Chinese Students Left Behind in Ukraine Refute Chinese Regime’s Complete Evacuation Claim

By Alex Wu
Alex Wu
Alex Wu
Alex Wu is a U.S.-based writer for The Epoch Times focusing on Chinese society, Chinese culture, human rights, and international relations.
March 11, 2022 Updated: March 11, 2022

Amid the Russia-Ukraine war, the Chinese Communist Party’s (CCP) embassy in Ukraine announced on March 8 that all Chinese nationals had been evacuated from the dangerous areas in Ukraine. But a Chinese student trapped in Glukhov, along with three others, told The Epoch Times about his failed attempt to escape from the war zone with no help from the regime.

The Chinese regime’s official media Global Times quoted the CCP’s embassy in Ukraine as saying that on March 8, all Chinese nationals in Ukraine had been evacuated from Sumy, including 115 Chinese students who were the last group to leave. However, Lin Yunfei (pseudonym), a Chinese student stranded in Glukhov revealed on March 9 that there were 119 Chinese students in Sumy, meaning 4, including himself, were still trapped in Glukhov, which is under the jurisdiction of Sumy.

Lin Yunfei told Chinese edition of The Epoch Times, “My heart sank, when I saw the report. There were originally 119 people in Sumy and now 115 of them have been evacuated but there are still 4 people here. We also belong to Sumy Oblast. Four of us were left behind.”

Glukhov is located in northeastern Ukraine, close to the Russian border. On Feb. 24, the first day of Russia’s invasion of Ukraine, the battle broke out at Glukhov.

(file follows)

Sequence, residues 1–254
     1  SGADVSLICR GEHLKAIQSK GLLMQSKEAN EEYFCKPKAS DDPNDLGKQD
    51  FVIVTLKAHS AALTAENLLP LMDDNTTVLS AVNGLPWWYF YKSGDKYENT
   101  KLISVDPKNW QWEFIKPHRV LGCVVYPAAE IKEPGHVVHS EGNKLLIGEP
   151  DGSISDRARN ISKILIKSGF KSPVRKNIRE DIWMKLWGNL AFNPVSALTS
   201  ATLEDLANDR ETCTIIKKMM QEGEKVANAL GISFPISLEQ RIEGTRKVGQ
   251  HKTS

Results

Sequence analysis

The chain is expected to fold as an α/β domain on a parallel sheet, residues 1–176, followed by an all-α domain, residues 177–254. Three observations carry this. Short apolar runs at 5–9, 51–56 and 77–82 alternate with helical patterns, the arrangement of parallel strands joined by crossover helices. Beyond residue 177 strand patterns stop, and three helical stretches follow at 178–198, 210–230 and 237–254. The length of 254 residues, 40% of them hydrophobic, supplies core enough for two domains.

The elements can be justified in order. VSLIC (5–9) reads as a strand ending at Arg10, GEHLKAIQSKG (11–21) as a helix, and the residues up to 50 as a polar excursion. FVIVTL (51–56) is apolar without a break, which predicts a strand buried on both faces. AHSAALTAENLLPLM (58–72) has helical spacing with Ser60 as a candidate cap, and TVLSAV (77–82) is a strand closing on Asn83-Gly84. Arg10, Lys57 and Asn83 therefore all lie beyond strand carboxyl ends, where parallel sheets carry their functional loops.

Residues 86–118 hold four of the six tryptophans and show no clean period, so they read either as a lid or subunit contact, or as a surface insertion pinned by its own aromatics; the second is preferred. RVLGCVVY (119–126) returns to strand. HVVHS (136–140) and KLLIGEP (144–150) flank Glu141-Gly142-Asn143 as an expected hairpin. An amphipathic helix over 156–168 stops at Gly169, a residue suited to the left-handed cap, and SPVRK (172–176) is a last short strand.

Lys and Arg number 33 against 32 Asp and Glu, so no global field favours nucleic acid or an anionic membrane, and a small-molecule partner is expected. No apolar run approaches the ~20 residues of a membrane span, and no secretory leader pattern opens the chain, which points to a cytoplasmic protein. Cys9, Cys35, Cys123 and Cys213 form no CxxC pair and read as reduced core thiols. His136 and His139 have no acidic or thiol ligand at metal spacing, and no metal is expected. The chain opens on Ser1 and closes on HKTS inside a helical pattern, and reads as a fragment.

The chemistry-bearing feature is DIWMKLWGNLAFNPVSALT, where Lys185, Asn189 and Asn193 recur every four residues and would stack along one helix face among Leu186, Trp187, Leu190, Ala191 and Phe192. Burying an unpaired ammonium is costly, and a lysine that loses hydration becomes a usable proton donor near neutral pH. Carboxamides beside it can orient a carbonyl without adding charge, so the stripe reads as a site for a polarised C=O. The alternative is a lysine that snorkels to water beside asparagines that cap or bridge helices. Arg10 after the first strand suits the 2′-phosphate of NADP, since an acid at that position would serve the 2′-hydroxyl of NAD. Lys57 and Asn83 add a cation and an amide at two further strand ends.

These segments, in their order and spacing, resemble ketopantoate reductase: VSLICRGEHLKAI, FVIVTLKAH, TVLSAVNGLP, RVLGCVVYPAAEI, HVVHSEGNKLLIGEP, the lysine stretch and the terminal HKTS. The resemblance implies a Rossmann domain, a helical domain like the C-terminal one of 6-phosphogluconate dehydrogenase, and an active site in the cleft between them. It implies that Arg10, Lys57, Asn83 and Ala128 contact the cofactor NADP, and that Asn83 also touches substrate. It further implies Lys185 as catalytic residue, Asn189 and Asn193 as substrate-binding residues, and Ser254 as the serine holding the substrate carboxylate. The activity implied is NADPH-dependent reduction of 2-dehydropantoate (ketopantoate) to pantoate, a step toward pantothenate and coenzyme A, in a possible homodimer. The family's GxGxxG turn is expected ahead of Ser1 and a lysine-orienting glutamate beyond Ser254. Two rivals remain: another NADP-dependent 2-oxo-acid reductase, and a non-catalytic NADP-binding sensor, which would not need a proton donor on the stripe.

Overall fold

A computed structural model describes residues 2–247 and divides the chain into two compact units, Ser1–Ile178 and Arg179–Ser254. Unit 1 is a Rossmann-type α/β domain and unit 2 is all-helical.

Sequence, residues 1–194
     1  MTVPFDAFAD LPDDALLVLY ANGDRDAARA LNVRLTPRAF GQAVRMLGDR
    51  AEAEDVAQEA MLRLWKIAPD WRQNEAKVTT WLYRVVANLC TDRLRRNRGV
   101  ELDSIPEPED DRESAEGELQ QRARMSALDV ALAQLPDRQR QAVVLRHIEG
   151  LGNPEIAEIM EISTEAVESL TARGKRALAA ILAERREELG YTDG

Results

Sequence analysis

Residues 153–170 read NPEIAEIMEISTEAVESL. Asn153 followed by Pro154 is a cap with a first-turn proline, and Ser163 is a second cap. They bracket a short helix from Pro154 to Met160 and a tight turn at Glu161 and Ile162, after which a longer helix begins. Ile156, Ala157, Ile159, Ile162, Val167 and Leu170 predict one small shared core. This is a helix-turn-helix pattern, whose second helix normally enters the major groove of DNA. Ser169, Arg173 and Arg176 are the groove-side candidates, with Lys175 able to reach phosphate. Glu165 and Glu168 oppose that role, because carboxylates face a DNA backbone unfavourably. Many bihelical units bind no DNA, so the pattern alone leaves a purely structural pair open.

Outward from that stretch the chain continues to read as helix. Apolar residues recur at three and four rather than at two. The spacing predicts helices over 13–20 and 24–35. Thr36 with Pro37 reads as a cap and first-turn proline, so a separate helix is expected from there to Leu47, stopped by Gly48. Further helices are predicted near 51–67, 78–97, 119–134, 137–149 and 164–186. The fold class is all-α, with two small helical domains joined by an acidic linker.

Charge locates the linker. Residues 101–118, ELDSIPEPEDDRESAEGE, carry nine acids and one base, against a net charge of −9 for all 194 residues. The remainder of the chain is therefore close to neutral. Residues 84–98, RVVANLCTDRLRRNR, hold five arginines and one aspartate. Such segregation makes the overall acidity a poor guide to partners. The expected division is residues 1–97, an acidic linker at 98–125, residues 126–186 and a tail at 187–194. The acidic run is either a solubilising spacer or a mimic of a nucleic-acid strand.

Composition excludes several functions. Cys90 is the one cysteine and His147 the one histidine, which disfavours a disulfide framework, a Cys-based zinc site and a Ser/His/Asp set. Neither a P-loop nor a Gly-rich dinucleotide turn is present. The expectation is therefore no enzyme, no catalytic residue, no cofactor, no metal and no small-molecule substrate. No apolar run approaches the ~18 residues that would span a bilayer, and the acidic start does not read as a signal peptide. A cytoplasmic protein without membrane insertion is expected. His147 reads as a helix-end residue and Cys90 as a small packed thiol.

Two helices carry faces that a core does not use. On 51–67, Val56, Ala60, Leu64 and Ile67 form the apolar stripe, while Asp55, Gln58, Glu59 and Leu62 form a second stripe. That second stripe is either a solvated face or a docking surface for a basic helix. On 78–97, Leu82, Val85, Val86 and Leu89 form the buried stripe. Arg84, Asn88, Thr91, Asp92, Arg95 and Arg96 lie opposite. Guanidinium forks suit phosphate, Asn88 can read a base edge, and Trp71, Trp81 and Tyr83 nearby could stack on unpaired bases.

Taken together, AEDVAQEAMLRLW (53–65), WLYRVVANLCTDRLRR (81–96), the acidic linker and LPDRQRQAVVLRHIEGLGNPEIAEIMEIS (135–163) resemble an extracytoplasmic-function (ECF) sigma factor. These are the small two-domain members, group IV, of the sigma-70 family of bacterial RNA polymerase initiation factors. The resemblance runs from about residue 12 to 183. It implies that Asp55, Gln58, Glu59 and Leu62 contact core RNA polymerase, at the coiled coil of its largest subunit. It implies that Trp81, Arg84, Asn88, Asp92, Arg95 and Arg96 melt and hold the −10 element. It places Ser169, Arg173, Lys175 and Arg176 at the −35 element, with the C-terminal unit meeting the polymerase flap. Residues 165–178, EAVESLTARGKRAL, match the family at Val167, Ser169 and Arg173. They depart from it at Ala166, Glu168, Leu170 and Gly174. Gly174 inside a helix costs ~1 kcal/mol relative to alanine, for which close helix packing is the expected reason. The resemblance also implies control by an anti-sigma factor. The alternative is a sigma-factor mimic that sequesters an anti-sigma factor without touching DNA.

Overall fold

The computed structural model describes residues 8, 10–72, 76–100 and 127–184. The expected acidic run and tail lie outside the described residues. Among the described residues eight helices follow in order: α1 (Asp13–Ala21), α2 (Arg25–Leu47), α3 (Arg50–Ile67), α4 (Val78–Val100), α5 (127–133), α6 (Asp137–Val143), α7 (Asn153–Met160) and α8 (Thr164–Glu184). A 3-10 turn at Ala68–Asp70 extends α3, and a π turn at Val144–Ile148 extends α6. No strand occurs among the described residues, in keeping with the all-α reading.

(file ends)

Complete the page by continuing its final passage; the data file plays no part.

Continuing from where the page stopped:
“The embassy said that there were too few of us over here, and they couldn’t do anything [to help]. They told us to come over by ourselves and find our own way,” he said. What could we do? We did get a car but it wasn’t allowed through. We would have to walk 150 kilometers (93 miles). “Every day we are very anxious.”

Lin said that the local air defense alarm started on Feb. 24, and the larger supermarket nearby was already all sold out.

Although they wanted to evacuate at the time, they didn’t have a car and couldn’t leave. So he contacted the Chinese embassy in Ukraine for help.

Lin said: “I called the the embassy. They told me to fill out a form to register [for evacuation]. We thought that the embassy would come and pick us up, so we didn’t leave on our own at that time. As a result, we were left out of the last trip. ”

On March 8, he attempted to hitch a ride to the evacuation point by himself. He said: “We passed the first checkpoint. When we reached the second checkpoint, we were blocked by the militia and they told us it was dangerous ahead.” They had to turn back.

Lin is also worried about food. He said: “On Feb. 25 or 26, there were no more supplies, and there was less and less food in the supermarket. Now [everything] is gone. We go to a nearby market early every day, but it won’t last long. I have only a bag of rice, a bottle of oil, and two loaves of bread.

“It is more difficult to find food, there are no vegetables. Ukrainians give us bread every day, and they often call us to have a meal with them during the day.”

Lin said this painful experience woke him up, “You can’t believe the mainland Chinese reports, and I don’t believe them anymore from my own experience.”

“I just want to leave now.” Lin said.

The Chinese students who had been evacuated from Ukraine to Poland revealed on Chinese social media Weibo that they were charged 18,000 RMB ($2,850) per ticket for the flight back to China on March 10. Furthermore, they were required to rehearse and sing the Chinese communist propaganda song “Me and My Motherland” at the airport collectively when they were leaving.

Zhao Fenghua and Gu Xiaohua contributed to the report.

Alex Wu
Alex Wu is a U.S.-based writer for The Epoch Times focusing on Chinese society, Chinese culture, human rights, and international relations.